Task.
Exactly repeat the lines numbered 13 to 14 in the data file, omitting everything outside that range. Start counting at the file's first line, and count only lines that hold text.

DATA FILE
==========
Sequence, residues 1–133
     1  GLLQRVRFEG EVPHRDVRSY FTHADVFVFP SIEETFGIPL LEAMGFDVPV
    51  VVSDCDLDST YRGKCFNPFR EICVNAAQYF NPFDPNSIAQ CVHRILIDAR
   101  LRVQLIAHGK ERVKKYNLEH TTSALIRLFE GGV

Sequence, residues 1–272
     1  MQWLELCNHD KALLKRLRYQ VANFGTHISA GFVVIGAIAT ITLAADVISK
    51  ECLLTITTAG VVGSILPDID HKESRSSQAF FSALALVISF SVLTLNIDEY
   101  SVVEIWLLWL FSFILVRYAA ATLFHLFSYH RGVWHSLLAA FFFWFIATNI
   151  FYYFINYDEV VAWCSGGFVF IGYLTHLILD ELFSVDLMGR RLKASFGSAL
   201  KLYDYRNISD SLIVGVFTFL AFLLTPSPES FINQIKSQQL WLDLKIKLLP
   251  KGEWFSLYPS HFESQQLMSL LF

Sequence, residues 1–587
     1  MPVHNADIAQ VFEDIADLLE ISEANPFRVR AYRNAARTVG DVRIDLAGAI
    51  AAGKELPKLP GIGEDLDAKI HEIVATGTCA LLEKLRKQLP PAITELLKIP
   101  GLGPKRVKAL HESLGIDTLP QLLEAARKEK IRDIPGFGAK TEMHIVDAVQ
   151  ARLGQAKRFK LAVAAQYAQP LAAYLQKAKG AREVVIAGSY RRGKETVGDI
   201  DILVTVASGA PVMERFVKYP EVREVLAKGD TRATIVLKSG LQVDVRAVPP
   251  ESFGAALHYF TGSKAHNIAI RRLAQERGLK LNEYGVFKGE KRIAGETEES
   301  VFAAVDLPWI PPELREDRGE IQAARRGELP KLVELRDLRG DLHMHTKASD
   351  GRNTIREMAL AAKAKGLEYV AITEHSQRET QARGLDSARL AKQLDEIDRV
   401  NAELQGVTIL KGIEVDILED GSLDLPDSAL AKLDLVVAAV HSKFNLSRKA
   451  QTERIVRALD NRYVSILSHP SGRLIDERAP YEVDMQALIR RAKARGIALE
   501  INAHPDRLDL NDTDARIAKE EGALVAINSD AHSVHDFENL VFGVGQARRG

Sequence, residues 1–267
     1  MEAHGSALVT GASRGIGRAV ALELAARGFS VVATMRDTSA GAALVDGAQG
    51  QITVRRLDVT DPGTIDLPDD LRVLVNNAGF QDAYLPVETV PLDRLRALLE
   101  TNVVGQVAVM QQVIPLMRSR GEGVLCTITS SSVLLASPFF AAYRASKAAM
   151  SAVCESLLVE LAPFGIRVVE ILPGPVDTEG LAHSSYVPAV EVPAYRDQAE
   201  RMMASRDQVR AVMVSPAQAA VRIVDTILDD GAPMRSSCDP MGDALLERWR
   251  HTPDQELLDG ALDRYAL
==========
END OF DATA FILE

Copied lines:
     1  MPVHNADIAQ VFEDIADLLE ISEANPFRVR AYRNAARTVG DVRIDLAGAI
    51  AAGKELPKLP GIGEDLDAKI HEIVATGTCA LLEKLRKQLP PAITELLKIP